F or those unfamiliar with the event, the Venice biennale is the bi-annual Oscars for the Arts. The opportunity of being chosen to represent one’s country in the biennale is a substantial milestone in any artist’s career; winning catapults the artist to a whole new level.
The Egyptian pavilion at the Venice Biennale has always been something to look out for, and almost always the artists chosen to represent the country have been up to par, ranging from Gazibia Sirry (who took the honoring prize for oil painting in 1956), to Adel El-Siwi and Ahmed Asklany in the last Biennale in 2009.
This year’s Biennale hosts an Egyptian pavilion with an interesting choice: one that reflects the political situation of the country rather than its artistic status. The artist single-handedly representing Egypt this year is the late Ahmed Basiouny (1978 – 2011), new media and sound artist and teacher at the Faculty of Arts education.
The executive curator behind the Ministry of Culture’s final choice is Shady El-Noshokaty, contemporary Egyptian artist and dear friend of the late Basiouny. Aida El-Torie, curator of Basiouny’s work at the Biennale, tells Daily News Egypt that “it was Noshokaty that pushed hard for this recognition of his friend. He felt that his work and message needed to be spread to a much wider audience than it is now.” Magdi Mostafa, sound and media engineer of the project, and Hossam Hodhod, its production assistant, were also his close friends.
The acceptance of the Ministry of Culture of Basiouny’s work and its curators is in itself a sign of change. It’s the first time that new media artwork, heavy in the use of sound and digital media, is chosen. It’s also the first time a 27-year-old independent female curator is approved for the position: “The way we wish to represent the work is in such a way as to commemorate the medium Basiouny was eager to present to the world, as well as to show how his life — and death — was about recording the now and aiming for its change to the better,” El Torie adds.
Basiouny was killed with a single shot to the head during the mass protests in Tahrir on Jan. 28. Till the last minute of his life, Basiouny documented the unfolding action with his video camera on the first three days of the revolution.
This footage will be showcased as part of the media installation at the Biennale. The work is titled “30 Days of Running in the Space,” a juxtaposition of a previously performed piece by Basiouny (the documentation of which will be presented) by the same name, alongside the last footage the artist shot of the pro-democracy protests.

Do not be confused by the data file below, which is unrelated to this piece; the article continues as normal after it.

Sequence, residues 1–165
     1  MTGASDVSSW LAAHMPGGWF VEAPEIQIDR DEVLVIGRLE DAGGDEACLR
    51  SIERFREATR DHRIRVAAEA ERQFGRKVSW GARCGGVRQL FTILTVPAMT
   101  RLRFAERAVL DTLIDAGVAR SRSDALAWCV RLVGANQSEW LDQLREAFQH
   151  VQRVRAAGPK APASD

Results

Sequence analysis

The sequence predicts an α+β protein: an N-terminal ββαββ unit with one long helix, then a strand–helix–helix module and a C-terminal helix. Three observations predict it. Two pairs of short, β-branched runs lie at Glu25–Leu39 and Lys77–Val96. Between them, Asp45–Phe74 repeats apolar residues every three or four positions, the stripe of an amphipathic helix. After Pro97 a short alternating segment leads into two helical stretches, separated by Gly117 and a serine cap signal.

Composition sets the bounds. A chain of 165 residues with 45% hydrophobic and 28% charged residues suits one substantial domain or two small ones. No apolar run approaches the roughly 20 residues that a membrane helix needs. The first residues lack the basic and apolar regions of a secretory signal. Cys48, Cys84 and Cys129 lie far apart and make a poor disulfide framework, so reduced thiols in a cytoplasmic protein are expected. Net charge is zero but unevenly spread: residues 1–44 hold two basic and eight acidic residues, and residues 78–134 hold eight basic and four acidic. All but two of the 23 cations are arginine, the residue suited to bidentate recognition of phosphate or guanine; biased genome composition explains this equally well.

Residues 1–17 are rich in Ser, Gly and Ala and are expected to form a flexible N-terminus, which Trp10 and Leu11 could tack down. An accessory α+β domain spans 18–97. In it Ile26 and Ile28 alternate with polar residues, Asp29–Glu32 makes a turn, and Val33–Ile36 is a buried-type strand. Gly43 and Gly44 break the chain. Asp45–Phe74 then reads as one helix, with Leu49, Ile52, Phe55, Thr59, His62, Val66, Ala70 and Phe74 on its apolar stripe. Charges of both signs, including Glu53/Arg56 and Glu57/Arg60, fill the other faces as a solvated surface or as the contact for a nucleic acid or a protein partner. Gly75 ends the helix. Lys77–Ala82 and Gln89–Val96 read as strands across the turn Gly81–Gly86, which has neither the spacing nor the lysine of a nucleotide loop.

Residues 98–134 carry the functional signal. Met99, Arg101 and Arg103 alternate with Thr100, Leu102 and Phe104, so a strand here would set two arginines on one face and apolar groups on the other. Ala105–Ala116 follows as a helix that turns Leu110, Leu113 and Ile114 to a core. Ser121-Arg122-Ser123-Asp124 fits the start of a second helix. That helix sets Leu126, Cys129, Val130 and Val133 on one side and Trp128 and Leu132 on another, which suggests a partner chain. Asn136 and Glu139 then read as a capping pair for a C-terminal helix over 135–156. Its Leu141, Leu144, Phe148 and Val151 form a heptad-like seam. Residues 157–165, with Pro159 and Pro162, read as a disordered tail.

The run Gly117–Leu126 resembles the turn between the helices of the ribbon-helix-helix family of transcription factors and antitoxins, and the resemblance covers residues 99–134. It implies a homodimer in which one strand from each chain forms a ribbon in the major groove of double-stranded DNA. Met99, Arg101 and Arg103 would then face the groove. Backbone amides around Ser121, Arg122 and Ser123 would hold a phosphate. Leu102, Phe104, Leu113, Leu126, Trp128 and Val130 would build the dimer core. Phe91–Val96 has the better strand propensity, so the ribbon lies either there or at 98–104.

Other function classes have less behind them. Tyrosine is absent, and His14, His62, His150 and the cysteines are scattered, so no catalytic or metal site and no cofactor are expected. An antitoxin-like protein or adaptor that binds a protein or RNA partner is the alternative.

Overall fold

“30 Days of Running in the Space” was first presented at the “Why Not” exhibition at the Palace of Arts in 2010. The work was exhibited in a room that was constructed espcially for the show in the garden of the Cairo Opera House. Inside, wearing a plastic suit resembling a spacesuit, Basiouny would run in place for an hour every day. The suit is covered with digital sensors that calculate the amount of sweat and the number of steps he takes as he runs.
This data is then transferred wirelessly to a computer that projects it onto a large screen as a graphic grid with geometrical colors and shapes that change according to the physiological changes in his body.
This interactive relationship between the living body and the digital system that results in an aesthetic manifestation of color and shape is what Basiouny lived to perfect. No better project could have been used to present the late artist’s efforts in this new medium.
In Venice, the documentation will loop continuously in fragments on each of the five 2×3 projection screens at the pavilion. Interrupting them will be the last footage Basiouny recorded of the protest — none of the images ever sync and all images appear spontaneously and at random. The idea is for the viewers to never know what they’ll see next — nothing is expected, much like the untimely death of the artist himself.
The representation of the artist at the Venice Biennale is a mark of a transforming ministry and the development of a proper organizational strategy towards the arts, but not necessarily of a changing culture that genuinely appreciates art. Ahmed Basiouny at the Venice Biennale will represent the struggling efforts of Egyptian youth towards a better and more modernized Egypt.
The 54th Venice Biennale takes place from June 4 to Nov. 27.